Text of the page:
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[UPDATE] EP members call on Turkey to end post-coup state of emergency

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Members of the European Parliament have called on Turkey to lift an ongoing state of emergency declared after a failed coup in July 2016 that they say is now being used to silence dissent and opposition.

“The state of emergency declared after the coup attempt of 16 July 2016 is currently being used to further stifle legitimate and peaceful opposition,” the MEPs stressed in a press statement released on Thursday, reiterating their “strong condemnation of the failed military takeover. Since then, more than 160 media outlets have closed and Turkey’s civil society faces a massive crackdown.”

The MEPs also condemned Turkey’s repression of criticism over its recent assault Afrin, in northwestern Syria.

“MEPs condemn the recent arrests of journalists, activists, doctors and ordinary citizens for expressing their opposition to Turkey’s military intervention in the Kurdish-controlled enclave of Afrin in Syria …” the statement said. “They are seriously concerned about the humanitarian consequences of the Turkish assault and warn against continuing with these disproportionate actions.”

In their condemnation of a massive crackdown on civil society and press freedom in Turkey, the MEPs urged Turkish authorities not only to end the state of emergency but also to “immediately and unconditionally release all those who have been detained for simply carrying out their legitimate work, exercising their freedom of expression and association, or without proof, including EU citizens such as the German journalist Deniz Yücel and the four Cumhuriyet journalists, who are still behind bars; drop charges against the Finnish-Turkish Ayla Albayrak, who has been convicted by a Turkish court in absentia; release one of the leading NGO leaders, Osman Kavala, as his arrest is politicised and arbitrary; drop all charges against Amnesty International’s Turkey president, Taner Kılıç, and his co-defendants, as no concrete evidence has yet been submitted against them; and reject capital punishment and respect the European Convention on Human Rights.”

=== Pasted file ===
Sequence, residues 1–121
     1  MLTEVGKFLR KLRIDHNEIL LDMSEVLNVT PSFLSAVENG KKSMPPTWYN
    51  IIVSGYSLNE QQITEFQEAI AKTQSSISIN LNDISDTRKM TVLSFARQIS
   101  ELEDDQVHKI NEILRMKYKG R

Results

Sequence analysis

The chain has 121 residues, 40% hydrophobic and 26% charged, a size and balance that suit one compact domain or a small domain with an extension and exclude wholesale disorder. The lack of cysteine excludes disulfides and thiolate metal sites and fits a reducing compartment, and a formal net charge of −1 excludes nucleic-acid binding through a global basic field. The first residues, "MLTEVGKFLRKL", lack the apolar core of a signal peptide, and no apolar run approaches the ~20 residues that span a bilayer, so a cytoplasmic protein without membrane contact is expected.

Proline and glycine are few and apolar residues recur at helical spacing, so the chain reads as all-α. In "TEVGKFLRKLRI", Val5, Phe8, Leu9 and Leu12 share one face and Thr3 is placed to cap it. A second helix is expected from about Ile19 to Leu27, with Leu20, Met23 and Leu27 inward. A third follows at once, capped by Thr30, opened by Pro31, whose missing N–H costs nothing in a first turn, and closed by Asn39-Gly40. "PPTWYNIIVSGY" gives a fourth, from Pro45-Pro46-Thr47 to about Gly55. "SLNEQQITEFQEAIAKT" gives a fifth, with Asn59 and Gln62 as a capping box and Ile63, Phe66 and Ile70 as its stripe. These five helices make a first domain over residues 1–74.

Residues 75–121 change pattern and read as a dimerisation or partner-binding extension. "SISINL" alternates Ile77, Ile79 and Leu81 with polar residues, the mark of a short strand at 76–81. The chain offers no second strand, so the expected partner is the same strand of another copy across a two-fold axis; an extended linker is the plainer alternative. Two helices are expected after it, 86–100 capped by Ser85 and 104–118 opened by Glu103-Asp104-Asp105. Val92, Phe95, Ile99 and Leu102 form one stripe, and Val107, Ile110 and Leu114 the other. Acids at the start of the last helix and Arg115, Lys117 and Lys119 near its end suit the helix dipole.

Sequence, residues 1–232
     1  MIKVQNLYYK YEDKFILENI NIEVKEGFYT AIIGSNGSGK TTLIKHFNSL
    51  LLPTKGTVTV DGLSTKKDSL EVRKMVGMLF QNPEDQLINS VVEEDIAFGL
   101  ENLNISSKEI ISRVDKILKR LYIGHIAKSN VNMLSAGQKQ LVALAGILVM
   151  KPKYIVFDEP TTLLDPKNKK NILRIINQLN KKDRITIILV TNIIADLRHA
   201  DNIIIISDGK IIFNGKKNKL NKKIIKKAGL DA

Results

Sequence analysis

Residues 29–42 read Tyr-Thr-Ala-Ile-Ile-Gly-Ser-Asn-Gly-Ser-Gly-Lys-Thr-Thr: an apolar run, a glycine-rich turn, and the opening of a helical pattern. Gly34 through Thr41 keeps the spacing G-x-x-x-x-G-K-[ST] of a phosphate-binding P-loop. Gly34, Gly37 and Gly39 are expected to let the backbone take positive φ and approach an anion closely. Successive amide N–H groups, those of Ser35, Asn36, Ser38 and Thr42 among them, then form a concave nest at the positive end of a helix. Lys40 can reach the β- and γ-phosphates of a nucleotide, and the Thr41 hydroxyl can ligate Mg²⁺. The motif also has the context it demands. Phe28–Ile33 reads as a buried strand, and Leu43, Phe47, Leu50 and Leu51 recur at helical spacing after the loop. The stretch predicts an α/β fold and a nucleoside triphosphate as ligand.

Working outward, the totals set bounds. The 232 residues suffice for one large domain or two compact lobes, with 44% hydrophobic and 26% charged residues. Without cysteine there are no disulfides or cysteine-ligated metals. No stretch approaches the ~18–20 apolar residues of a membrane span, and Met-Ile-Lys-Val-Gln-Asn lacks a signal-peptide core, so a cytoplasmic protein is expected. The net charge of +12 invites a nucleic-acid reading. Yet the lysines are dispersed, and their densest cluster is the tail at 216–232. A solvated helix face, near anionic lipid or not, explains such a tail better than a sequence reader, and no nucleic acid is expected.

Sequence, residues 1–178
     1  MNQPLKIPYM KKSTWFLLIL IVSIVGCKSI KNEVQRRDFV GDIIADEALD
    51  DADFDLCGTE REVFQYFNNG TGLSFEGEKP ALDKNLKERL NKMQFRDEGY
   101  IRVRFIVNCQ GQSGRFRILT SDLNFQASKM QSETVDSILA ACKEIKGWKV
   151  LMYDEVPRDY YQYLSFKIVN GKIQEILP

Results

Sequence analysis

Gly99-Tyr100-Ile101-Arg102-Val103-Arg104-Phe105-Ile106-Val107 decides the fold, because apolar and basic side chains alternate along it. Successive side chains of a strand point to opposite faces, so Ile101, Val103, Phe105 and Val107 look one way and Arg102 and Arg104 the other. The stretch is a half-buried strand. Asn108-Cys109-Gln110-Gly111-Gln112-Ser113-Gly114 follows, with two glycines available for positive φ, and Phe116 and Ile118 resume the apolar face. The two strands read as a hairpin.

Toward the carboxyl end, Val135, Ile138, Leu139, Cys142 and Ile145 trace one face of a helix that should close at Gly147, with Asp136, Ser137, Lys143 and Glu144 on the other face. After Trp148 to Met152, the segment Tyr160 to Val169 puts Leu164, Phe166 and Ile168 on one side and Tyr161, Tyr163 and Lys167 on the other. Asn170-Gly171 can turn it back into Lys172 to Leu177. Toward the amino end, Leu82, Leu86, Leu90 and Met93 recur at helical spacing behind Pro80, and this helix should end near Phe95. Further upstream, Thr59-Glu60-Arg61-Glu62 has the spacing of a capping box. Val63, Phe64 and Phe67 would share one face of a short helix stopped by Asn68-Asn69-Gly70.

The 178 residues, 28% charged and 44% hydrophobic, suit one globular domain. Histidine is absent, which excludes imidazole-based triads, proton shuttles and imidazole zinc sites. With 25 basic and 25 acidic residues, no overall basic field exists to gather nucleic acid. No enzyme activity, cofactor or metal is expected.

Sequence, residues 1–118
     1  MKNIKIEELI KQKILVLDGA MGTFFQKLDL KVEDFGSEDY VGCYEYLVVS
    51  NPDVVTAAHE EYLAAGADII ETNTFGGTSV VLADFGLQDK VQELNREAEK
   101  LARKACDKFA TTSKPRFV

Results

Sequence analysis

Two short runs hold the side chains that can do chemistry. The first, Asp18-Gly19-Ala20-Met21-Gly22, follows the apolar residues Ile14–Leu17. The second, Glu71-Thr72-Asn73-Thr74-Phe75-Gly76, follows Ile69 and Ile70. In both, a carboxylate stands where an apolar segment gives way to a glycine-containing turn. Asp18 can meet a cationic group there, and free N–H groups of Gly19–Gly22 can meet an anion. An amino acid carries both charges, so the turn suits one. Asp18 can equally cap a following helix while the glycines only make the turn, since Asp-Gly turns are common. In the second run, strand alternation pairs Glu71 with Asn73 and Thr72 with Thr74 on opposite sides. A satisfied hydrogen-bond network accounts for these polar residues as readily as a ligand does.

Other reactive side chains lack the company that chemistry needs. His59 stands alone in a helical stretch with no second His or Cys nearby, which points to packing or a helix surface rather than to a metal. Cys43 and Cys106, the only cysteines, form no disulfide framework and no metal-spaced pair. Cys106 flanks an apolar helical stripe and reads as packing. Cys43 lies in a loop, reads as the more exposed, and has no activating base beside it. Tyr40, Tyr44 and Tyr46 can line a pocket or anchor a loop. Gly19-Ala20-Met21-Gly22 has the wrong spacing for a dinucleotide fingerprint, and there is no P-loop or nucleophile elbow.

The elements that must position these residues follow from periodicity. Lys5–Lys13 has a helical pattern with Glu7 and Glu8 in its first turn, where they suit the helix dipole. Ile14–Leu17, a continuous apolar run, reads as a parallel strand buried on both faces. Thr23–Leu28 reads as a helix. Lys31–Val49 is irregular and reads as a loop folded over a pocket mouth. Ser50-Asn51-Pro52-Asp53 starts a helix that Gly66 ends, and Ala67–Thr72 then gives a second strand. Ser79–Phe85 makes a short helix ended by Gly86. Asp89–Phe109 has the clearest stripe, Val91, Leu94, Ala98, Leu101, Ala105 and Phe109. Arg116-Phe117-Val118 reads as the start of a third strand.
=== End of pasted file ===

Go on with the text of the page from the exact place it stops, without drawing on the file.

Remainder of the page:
The MEPs also proposed in their statement that “[t]he funds destined for Turkey under the Instrument for Pre-Accession Assistance (IPA II) should be conditional on improving its record on human rights, democracy and the rule of law.”

The European Parliament earlier on Thursday adopted a resolution on the human rights situation in Turkey, emphasizing the structural problems that exist, such as the state of emergency and the arbitrariness of the judiciary and also mentioning individual human rights cases.

According to a statement released on Thursday by the EP’s Dutch member and Turkey rapporteur Kati Piri, the resolution says: “The European Parliament strongly condemned the attempted coup of 15 July 2016; where-as on 18 January 2018 the Turkish Parliament extended the state of emergency in Turkey for another three months; whereas the State of Emergency is currently being used to silence dissent and goes way beyond any legitimate measures to combat threats to national security.

“The European Parliament calls on the Turkish authorities to respect the European Convention on Human Rights, including a clear rejection of capital punishment, and the case-law of the European Court of Human Rights, including the principle of presumption of innocence;

“Calls on the Turkish Government to offer all persons subject to restrictive measures appropriate and effective remedies and judicial review in line with the rule of law;

“Strongly condemns the decision of the Turkish Parliament to unconstitutionally waive the immunity of a large number of MP-s, paving the way for the current arrests of 10 opposition MP-s and revoking the mandate of 6 opposition MP-s. And condemns the imprisonment of 68 Kurdish municipal mayors and the arbitrary replacement of local elected representatives, which is undermining further the democratic structure of Turkey.”

Piri said in her statement: “The numbers are mind-boggling. More than 100.000 people have been fired and over 50.000 imprisoned in Turkey. Remember that all these people have a face, have a family, and have friends who are hoping that a normalization is still possible.

“The scale of the current crackdown on all democratic opposition voices in Turkey is unprecedented. While the Turkish authorities have the right to bring those responsible for the heinous coup attempt of 15 July 2016 to justice, the state of emergency is currently being used to silence dissent and goes way beyond any legitimate measures to combat threats to national security.

“I expect the EU to be loud and clear on human rights in Turkey. Not only because these are the values that our Union is based upon, and Turkey as a candidate should adhere to them. But also because we risk losing credibility and support by a majority of Turkish society if we don’t stand up for their rights in these dark times.”

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